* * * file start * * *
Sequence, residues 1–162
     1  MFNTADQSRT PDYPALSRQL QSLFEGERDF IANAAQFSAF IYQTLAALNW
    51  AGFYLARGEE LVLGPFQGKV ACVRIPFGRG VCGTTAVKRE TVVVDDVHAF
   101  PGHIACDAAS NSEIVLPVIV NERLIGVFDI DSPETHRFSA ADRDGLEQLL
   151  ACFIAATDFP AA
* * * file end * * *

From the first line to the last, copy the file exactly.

Sequence, residues 1–162
     1  MFNTADQSRT PDYPALSRQL QSLFEGERDF IANAAQFSAF IYQTLAALNW
    51  AGFYLARGEE LVLGPFQGKV ACVRIPFGRG VCGTTAVKRE TVVVDDVHAF
   101  PGHIACDAAS NSEIVLPVIV NERLIGVFDI DSPETHRFSA ADRDGLEQLL
   151  ACFIAATDFP AA